The other morning, for example, instead of writing, I replied to an interview request from the BBC, updated my website events page, publicized an upcoming workshop by posting it to some Facebook groups, scheduled a coaching call with a client, and went online to order a new bookshelf for my writing room to take advantage of a 25% discount — all valiant, justifiable uses of my time.

And yet… the whole time, I knew I was avoiding my NaNo novel. I’d write an email and think, “I should do this later and write now.” I’d pen some scintillating marketing prose and think, “I should be writing my novel now, not this.” After all, it wasn’t as though I had no free time at all; I also cuddled the dog, took a long nap, and played a video game.

And then, eventually, after all that, niggled by the nagging feeling (or nagged by the niggling feeling) that I was behind schedule, and haunted by the (again legitimate, justifiable!) lack of writing for the previous two days … I wrote.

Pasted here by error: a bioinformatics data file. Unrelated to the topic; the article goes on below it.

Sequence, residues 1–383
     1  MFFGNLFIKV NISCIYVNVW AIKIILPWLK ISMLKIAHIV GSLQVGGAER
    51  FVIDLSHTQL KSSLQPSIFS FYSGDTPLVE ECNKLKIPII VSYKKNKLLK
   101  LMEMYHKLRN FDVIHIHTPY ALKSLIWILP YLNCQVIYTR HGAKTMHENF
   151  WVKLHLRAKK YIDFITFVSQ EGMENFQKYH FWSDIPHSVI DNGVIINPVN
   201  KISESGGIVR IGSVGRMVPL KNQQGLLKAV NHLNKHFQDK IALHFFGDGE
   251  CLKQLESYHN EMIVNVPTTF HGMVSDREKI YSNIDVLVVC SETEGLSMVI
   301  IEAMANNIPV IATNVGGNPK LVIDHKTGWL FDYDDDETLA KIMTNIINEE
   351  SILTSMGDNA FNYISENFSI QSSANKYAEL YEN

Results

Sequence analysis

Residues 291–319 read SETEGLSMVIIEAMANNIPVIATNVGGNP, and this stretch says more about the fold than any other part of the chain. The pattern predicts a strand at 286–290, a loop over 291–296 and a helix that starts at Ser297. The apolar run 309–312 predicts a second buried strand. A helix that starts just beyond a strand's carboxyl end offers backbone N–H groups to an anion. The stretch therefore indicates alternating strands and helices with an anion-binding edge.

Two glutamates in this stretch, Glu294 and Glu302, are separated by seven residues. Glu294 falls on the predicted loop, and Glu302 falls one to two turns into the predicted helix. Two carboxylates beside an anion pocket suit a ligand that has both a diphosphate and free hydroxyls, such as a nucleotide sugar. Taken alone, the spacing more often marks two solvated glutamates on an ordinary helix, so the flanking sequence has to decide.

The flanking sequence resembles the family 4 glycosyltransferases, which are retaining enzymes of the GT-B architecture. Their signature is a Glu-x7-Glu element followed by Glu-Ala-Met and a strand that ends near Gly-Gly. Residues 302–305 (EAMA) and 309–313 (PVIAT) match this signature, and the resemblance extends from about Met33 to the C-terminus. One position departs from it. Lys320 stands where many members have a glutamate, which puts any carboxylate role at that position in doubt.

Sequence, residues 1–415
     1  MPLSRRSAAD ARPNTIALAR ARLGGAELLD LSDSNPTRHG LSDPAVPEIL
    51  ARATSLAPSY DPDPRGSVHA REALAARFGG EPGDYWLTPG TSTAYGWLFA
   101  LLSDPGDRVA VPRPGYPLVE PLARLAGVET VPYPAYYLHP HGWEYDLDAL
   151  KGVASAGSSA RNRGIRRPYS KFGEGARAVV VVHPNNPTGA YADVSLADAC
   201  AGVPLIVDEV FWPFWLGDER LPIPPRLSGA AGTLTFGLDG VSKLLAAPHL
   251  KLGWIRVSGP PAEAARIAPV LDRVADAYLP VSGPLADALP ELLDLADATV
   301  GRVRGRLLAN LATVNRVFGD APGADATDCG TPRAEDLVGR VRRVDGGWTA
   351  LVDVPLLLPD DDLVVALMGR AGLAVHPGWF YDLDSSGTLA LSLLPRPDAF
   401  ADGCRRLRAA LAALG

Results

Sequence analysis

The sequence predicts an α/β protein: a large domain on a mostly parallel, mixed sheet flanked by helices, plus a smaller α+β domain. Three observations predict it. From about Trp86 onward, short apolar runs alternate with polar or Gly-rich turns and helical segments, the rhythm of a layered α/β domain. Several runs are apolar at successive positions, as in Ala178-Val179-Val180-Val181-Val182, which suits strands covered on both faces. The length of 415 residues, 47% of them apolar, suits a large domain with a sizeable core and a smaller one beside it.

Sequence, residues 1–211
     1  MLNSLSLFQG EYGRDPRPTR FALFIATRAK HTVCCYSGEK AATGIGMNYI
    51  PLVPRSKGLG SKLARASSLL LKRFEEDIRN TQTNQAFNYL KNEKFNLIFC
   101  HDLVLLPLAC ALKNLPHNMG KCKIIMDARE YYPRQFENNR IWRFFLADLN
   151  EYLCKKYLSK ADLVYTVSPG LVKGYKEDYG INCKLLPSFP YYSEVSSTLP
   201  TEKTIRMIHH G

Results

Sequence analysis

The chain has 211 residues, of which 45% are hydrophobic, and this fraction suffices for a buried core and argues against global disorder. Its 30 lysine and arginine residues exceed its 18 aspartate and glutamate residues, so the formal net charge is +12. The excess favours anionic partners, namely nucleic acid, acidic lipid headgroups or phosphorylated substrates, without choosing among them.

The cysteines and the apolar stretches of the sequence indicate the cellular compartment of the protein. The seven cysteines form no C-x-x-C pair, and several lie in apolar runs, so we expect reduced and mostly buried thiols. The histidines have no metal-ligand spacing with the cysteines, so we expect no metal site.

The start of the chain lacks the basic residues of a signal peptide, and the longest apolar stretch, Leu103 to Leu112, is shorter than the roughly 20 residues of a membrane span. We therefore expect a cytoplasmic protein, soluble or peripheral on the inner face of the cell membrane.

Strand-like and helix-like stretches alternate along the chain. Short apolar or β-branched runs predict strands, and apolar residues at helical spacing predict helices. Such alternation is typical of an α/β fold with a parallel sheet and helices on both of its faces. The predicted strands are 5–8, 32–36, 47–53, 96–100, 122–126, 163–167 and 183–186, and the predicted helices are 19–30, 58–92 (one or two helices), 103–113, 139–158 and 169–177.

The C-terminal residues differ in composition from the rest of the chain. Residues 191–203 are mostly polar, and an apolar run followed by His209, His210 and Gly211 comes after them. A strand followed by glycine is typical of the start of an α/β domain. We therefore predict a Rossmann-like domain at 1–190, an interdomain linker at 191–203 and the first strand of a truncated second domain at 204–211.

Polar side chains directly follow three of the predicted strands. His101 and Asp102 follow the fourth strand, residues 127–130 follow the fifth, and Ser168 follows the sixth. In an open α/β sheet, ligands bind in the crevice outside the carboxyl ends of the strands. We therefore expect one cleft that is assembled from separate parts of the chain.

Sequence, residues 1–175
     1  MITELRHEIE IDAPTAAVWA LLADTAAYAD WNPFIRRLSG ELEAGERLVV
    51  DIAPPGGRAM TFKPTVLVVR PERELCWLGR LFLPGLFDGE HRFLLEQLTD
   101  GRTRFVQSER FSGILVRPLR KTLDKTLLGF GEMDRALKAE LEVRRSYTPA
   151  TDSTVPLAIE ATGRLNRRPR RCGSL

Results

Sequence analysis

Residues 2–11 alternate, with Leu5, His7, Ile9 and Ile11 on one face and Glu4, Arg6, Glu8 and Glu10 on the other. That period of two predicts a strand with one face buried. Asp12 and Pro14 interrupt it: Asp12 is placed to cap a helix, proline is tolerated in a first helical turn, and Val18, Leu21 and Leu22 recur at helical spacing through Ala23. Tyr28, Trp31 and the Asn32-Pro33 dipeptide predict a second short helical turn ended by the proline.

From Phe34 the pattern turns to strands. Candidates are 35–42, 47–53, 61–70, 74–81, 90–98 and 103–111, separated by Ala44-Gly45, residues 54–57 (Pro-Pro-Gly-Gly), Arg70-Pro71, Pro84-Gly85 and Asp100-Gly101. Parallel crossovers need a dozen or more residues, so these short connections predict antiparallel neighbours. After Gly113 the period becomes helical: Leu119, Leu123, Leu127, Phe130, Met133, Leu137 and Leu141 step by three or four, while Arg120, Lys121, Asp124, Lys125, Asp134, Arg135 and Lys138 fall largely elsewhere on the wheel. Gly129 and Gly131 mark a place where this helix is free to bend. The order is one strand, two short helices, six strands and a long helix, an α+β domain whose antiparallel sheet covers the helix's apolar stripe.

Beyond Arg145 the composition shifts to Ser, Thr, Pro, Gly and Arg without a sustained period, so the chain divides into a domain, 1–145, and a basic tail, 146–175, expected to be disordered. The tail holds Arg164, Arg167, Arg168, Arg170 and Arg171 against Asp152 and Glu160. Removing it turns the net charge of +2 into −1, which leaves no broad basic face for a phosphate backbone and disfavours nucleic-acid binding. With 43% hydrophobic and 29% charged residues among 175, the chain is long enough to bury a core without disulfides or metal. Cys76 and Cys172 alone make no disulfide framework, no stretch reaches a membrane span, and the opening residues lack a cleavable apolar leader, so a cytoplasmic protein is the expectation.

I got over the voice saying “failure, failing, fail” by admitting that, yes, it’s true. I might completely, utterly fail.

At my novel. At my life.

I actually only have 19 writing days available in November, so my goal has been to write 2,632 words per day. Whew! So far, I’ve mostly failed. I’ve met that daily target only once.

But I’m writing. I’ve written on days I thought I wouldn’t be able to; I’ve surprised myself with both my devotion as well as my apparently not-yet-tapped capacity for procrastination. My novel is growing, and I’m understanding the characters better. I haven’t lost the plot; hey, look, I even have subplots!

Your mileage and methods may vary. When I met our fantastic India ML for a quick co-writing session in Mumbai, she noticed that I write longhand. Yes, I’m old school. Eventually I move onto the computer, but I write in notebooks.

How do you count? she asked. I use an average words-per-line, roughly approximating each page as I go.

When I’m stuck, I write directly about the process of being stuck. It usually helps me figure something out and get moving. This counts; this is work on my novel.